Few of Greenland’s communities are large enough to sustain large-scale infrastructure common to urban areas in Europe or North America. With its population spread far and wide, most of the island’s electricity must be generated as close to the point of consumption as possible.

Nukissiorfiit operates four other hydropower plants: one on the east coast, a 1.2 megawatt facility at Tasiilaq; in the south, at Qorlortorsuaq, to supply the towns of Qaqortoq and Narsaq with 7.2 megawatts of power; and two locations in the west, at Sisimiut, delivering 15 megawatts of power for heat and electricity generated from glacial melt at Lake Tasersuaq; and Paakitsoq, serving the city of Ilulissat, a completely autonomous facility operated remotely, generating 22.5 megawatts of electricity.

The five hydropower plants produce more than 70% of Greenland’s electricity. The remaining 30%, primarily comprising remote sites where bulk power generation and distribution are impractical, depend on diesel power generation. Most are actively transitioning to renewables, which are well-adapted to off-grid and microgrid installations. And although solar energy is an attractive option in the summer as a potential replacement for diesel and HFO, the island’s position mostly north of the Arctic Circle reduces access to enough sunlight to power through the long winter.

To move Greenland ever closer to its goal of zero carbon energy by 2030, Nukissiorfiit has piloted hybrid energy systems that combine solar, battery storage and wind with diesel electric as a backup. A pilot project at Igaliku combines solar cells and battery backup storage to complement a diesel generator plant to provide electricity for the village; the system can provide most of the energy from renewables throughout the summer. At Sisimiut, Nukissiorfiit hosts a center for small wind turbines to test their mettle in the harsh conditions of the Arctic. The turbines at the site have witnessed some rough storms and very cold weather, losing some blades but generating valuable lessons. Nukissiorfiit plans larger-scale wind farms in Nanortalik, and possibly in Sisimiut to complement the hydropower plant, which is at maximum capacity. Nukissiorfiit has also explored the island’s geothermal potential and experimented with a hydrogen cell facility for energy storage and may revisit hydrogen production or other e-fuel production technology in the future.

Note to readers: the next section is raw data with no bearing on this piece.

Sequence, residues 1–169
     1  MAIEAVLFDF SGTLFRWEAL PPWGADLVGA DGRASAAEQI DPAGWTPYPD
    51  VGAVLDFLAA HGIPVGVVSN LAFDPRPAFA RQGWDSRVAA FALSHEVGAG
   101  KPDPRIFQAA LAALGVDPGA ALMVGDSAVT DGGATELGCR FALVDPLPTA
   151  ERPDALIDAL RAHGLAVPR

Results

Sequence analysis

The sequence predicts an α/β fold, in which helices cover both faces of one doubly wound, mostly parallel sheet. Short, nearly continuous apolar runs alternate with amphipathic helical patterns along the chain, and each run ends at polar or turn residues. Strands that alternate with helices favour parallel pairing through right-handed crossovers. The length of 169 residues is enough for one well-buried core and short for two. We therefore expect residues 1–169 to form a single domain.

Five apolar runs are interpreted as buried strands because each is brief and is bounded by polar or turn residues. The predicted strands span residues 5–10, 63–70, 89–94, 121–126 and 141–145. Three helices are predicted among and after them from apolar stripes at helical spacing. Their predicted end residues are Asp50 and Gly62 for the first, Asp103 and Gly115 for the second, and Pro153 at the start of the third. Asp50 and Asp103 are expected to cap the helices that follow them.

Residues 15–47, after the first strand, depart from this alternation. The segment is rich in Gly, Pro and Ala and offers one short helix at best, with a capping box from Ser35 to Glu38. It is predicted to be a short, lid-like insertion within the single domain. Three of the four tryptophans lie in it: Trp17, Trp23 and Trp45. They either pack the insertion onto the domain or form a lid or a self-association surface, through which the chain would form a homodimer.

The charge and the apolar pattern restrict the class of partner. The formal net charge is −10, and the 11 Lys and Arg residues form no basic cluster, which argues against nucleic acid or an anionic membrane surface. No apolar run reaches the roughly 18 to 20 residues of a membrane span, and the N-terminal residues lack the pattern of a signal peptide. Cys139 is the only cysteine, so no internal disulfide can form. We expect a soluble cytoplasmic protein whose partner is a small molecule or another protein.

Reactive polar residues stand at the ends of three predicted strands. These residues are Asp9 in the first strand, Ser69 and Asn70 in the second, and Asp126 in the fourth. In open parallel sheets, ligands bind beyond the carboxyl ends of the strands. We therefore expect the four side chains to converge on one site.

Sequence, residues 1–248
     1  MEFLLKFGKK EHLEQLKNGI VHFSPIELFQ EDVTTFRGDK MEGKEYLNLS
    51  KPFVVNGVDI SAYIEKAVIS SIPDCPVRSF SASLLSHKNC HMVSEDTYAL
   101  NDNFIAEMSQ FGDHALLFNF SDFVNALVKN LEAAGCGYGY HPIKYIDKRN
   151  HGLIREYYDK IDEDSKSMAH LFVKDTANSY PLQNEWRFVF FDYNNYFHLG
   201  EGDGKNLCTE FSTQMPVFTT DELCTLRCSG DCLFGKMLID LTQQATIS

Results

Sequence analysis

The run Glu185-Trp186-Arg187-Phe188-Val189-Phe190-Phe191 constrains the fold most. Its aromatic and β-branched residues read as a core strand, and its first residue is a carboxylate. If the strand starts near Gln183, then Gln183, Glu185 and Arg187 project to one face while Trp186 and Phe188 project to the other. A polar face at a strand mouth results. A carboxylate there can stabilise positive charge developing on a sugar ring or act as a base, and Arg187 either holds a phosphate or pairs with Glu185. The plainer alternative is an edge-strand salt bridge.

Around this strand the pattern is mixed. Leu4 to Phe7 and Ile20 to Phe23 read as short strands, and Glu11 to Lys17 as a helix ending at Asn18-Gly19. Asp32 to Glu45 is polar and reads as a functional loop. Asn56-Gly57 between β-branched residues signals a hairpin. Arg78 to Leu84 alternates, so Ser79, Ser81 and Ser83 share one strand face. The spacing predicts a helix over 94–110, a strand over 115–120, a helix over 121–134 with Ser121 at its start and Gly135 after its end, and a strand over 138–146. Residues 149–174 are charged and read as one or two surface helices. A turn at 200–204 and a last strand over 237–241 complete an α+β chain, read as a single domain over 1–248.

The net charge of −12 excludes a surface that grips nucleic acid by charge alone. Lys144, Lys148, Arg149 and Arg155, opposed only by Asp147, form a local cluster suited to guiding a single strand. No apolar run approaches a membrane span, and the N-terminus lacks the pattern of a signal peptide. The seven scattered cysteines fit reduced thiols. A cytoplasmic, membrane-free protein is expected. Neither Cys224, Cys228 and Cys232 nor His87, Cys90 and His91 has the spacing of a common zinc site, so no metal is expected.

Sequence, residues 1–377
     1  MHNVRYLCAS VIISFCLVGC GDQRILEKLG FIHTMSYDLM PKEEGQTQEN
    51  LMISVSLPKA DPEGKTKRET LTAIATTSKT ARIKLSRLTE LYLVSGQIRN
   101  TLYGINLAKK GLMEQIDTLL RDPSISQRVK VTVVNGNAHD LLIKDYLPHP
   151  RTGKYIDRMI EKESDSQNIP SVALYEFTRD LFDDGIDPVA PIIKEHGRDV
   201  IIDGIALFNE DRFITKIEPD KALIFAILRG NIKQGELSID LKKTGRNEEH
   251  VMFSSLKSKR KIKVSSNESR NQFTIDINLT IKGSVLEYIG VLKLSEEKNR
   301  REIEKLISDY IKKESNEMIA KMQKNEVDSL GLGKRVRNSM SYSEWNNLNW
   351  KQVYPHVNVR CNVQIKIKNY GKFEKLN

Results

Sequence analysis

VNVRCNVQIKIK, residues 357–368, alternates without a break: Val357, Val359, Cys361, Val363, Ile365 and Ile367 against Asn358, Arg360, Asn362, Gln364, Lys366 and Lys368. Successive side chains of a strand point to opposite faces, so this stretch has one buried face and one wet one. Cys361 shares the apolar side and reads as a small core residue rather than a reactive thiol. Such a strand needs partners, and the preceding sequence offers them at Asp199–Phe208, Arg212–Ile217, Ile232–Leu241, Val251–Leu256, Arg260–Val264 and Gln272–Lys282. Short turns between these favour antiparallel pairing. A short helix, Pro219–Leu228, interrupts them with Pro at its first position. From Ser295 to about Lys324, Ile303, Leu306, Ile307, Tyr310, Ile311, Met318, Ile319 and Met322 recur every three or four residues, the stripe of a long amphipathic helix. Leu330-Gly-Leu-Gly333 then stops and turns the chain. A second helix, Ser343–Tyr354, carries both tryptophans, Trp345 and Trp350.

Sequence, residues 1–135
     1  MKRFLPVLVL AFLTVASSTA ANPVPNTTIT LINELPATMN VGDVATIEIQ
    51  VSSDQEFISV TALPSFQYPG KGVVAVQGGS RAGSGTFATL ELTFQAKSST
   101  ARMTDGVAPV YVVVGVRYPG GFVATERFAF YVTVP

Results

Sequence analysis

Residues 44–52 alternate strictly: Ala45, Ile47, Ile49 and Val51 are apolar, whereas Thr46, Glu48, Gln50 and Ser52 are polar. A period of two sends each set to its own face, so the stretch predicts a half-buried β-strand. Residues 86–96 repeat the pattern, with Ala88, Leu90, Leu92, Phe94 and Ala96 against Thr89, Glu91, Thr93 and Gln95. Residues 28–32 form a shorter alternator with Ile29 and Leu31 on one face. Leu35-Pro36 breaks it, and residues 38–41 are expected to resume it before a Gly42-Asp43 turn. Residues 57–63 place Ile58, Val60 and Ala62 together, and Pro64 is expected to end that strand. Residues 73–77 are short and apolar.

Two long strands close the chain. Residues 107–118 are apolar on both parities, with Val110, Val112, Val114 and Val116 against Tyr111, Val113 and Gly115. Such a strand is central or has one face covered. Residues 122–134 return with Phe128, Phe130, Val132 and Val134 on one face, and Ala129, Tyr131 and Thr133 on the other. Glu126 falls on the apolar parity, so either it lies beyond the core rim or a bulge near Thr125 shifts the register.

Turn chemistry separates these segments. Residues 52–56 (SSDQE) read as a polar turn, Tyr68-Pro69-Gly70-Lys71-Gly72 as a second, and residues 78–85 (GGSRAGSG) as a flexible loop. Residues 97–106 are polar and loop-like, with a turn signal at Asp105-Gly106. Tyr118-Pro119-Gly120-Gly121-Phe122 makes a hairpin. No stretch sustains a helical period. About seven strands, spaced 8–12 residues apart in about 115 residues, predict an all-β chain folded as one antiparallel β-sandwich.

Color image of Nukissiorfiit hydroelectric power infrastructure
Photo Credit: Nukissiorfiit

03

8 min read

Annual planning consumed ~20% of the company